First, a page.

Sitting ten games over .500, atop the American League, as the beginning of June hits is exactly where Boston Red Sox president of baseball operations Dave Dombrowski imagined his team would be at this stage of the 2016 season.
However, with an offense that is crushing longstanding records seemingly each night while leading the MLB is essentially every single statistical category, a 32-22 record and a mere one-game lead in the AL East is underwhelming.
Where does the blame lie for the Red Sox slim advantage in the division following two consecutive mind-boggling losses against the Baltimore Orioles?
The pitching staff, more specifically the starting rotation.
Thanks to a horrific 2.1-inning outing in which he relinquished seven runs on seven hits on Wednesday night, the since-demoted Joe Kelly wasted a five home run, nine-run, 15-hit performance from his offense in a 13-9 loss.
One night later, starter Rick Porcello watched his ERA rise from an impressive 3.68 to 4.00 in a 12-7 loss to the Orioles after allowing three home runs and five runs total in six tumultuous innings of ball, only to exit to witness Baltimore break a 5-5 tie with four more home runs against embattled Boston relievers Junichi Tazawa and Noe Ramirez.
The fact of the matter is that over their last three losses, the Red Sox offense has placed 25 runs on 42 hits and nine home runs on the board, which should undoubtedly have guaranteed three more victories to their resume.
However, enter the Boston pitching staff, whose 4.44 ERA ranks 12th in the American League while allowing the fourth-most runs in the league thus far, boasting the moniker of coughing up three ballgames in the last week in which the offense has averaged 8.3 runs per game.
Now, Dombrowski is placed in a peculiar position as trade rumors swirl voraciously around Fenway Park. While the Red Sox leads the majors in batting average (.296), runs (324), on-base percentage (.360), and slugging percentage (.494), the puzzle is not complete for this team to bring the second title in four seasons to Boston.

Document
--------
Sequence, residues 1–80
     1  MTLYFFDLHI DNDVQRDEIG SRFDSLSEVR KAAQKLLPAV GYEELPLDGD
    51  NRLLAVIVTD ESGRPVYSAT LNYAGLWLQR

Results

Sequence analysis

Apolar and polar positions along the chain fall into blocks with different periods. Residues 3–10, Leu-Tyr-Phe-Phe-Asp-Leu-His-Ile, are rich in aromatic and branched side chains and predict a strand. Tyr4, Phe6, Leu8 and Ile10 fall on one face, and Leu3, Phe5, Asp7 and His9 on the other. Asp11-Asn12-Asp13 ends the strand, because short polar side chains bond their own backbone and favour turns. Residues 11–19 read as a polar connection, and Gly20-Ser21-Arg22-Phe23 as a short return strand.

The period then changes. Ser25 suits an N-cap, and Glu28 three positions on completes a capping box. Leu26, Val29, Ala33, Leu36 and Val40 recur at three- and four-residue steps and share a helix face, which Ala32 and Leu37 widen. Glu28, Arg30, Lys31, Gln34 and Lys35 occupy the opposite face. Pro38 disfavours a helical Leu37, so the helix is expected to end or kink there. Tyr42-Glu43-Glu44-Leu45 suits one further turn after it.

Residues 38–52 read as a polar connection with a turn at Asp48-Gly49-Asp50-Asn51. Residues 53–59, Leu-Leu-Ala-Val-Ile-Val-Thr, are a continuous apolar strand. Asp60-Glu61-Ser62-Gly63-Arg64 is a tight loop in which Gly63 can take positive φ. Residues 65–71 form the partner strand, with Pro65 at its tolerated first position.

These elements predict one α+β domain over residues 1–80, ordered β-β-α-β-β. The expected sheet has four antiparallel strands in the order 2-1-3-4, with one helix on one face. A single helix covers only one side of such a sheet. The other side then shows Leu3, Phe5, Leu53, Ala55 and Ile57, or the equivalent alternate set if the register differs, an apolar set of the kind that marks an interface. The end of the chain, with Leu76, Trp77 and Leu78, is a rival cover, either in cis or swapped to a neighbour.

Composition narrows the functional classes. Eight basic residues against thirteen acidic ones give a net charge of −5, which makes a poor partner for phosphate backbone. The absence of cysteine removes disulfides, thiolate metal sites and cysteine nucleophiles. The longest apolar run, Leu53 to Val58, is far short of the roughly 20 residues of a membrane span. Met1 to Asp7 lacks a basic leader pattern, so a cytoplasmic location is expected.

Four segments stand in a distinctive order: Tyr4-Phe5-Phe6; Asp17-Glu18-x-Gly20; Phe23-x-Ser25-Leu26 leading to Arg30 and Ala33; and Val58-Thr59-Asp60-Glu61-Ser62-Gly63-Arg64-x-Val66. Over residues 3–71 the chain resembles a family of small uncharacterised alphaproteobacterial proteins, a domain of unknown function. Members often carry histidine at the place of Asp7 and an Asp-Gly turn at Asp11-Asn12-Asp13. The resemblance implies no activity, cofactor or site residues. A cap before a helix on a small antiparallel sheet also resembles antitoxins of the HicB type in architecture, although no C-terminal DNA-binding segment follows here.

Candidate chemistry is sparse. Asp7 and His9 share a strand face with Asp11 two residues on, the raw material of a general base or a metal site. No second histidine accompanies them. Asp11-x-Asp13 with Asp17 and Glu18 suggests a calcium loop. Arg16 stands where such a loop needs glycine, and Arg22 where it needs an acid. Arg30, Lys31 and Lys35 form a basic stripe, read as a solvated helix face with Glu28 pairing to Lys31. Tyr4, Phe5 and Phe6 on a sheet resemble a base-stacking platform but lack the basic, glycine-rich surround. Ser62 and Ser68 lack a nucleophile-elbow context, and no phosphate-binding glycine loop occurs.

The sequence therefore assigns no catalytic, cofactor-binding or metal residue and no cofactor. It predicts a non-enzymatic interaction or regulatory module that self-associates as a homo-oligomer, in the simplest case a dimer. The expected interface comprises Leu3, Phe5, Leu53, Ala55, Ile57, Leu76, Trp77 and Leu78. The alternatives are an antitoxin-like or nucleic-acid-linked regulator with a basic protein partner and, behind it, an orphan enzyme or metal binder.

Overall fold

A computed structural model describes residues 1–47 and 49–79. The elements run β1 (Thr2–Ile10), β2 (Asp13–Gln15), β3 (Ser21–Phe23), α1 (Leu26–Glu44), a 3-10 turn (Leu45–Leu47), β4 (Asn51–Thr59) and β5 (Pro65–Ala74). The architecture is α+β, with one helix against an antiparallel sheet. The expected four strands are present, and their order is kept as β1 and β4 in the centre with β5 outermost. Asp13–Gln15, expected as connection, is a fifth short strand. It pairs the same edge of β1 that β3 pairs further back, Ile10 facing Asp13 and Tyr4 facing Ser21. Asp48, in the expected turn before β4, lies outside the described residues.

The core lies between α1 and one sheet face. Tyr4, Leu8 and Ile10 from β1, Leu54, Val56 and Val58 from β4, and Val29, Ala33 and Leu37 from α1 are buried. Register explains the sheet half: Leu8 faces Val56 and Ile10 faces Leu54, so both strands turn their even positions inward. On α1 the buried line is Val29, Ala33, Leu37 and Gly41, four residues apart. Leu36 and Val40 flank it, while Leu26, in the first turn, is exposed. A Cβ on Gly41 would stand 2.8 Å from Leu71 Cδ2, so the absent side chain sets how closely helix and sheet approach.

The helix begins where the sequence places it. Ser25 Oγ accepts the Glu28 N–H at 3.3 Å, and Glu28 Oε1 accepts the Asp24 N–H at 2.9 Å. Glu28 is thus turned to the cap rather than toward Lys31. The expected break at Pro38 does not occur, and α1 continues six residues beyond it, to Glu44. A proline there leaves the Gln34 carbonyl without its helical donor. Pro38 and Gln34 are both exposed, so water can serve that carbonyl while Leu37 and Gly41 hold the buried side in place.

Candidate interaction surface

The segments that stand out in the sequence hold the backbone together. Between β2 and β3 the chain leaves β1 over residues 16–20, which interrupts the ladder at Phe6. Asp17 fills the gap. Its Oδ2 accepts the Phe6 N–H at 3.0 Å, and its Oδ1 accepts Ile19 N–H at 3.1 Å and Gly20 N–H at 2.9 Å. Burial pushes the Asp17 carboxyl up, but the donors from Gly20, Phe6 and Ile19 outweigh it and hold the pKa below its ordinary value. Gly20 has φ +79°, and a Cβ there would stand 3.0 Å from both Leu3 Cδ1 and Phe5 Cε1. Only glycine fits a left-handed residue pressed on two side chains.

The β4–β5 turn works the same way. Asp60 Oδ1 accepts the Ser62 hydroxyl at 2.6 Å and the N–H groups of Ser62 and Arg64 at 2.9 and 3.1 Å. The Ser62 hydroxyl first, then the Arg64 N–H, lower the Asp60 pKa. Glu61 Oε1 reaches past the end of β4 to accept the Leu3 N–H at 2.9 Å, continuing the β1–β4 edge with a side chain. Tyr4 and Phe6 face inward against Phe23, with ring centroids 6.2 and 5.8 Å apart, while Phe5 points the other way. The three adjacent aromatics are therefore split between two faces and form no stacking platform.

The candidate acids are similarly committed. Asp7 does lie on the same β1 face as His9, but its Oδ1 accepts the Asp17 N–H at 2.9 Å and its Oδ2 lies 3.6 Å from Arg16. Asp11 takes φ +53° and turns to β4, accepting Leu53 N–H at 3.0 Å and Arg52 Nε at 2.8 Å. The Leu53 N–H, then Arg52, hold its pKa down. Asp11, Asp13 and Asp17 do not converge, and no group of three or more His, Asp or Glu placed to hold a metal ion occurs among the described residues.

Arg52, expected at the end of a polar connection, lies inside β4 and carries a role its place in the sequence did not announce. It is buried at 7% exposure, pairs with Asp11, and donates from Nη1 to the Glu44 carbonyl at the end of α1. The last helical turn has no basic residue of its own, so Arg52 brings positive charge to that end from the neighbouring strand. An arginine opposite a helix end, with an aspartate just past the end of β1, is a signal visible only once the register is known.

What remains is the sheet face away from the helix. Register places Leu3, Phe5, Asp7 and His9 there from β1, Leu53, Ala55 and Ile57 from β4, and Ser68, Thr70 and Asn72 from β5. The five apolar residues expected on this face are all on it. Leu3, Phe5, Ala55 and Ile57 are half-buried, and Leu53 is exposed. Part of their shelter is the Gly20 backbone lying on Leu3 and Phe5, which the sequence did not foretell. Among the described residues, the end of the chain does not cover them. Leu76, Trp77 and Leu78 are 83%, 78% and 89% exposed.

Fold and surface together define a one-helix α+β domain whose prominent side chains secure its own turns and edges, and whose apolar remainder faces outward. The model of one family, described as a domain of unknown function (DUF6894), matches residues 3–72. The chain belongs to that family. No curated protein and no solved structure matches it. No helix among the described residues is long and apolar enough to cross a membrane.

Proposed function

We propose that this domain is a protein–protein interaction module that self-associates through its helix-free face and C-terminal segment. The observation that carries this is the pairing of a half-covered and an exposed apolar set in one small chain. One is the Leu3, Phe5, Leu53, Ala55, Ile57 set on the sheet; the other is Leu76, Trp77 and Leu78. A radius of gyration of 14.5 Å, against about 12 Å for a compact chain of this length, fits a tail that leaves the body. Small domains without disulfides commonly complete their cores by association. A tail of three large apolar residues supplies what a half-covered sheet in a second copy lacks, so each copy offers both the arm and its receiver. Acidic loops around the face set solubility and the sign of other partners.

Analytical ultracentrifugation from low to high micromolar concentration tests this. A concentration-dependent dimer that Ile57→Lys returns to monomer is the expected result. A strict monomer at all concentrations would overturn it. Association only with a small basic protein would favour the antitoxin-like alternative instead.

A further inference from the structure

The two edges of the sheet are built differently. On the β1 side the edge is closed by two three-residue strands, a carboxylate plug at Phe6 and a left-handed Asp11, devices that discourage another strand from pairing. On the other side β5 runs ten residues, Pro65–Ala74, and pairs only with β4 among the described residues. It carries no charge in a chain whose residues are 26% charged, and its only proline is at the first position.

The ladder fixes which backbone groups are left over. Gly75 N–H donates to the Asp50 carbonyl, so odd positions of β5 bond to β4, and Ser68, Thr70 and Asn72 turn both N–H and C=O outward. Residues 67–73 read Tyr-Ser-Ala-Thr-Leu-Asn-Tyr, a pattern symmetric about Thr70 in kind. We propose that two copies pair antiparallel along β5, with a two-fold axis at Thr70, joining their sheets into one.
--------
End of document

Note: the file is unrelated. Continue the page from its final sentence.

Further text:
With Kelly touting a horrendous 8.46 ERA, 2.24 WHIP, and .330 batting average against while earning himself a vacation to Triple-A Pawtucket and the much-maligned Clay Buchholz being optioned to the bullpen while touting a 6.34 ERA and 1.49 WHIP, Boston now has a spot to fill in the rotation following the starts of David Price, Steven Wright, Eduardo Rodriguez, and Porcello.
Fortunately, the team has three off-days prior to a ten-game homestand beginning June 14, leaving them without the need for a fifth starting pitcher until June 18.
This will give them some time to find a fifth starter from within the organization, either calling Kelly back up to the majors should his performance in Pawtucket be positive, giving wild left-hander Henry Owens (12.1 innings, 5.11 ERA, 2.11 WHIP, and 13 walks in three prior starts with Boston this season another shot in the bigs, or motioning to bring Buchholz back into the starting rotation.
However, barring a substantial improvement from one of these three options, the Red Sox will need to look elsewhere to up the standing of their rotation come the trade deadline, which would require the relinquishing of one of their offensive pieces.
The Boston Globe's Nick Cafardo reported early in May that one AL general manager mentioned that Dombrowski might be willing to part with current left fielder Blake Swihart in return for an upper-to-middle of the rotation type of arm at the trade deadline.
For the Red Sox, shelling Swihart, who commands interest from other organizations for his catching abilities, for a bona fide No. 2 or No. 3 starting option would certainly make sense.
The 24-year-old is batting just .246 with a .343 OBP and four RBI in 57 at-bats with the ballclub this season, and with Christian Vazquez appearing to be the long-term option for the team at catcher due to his defensive prowess, Swihart is expendable.
Worried about the Red Sox need for an everyday left fielder in the absence of 2015 All-Star Brock Holt, who has been optioned to the 15-day disabled list as he attempts to return from a nagging concussion which caused a prolonged slump?
Look no further than Chris Young, who has recovered from a slow start at the plate to bat .316 with six extra-base hits in 38 plate appearances in the month of May while hitting .400 with two home runs in the last seven days.
Furthermore, Young bashes left-handers, batting .414 with an astounding 1.175 OPS and eight doubles against lefties in 2016, leading to his solid .288 average thus far.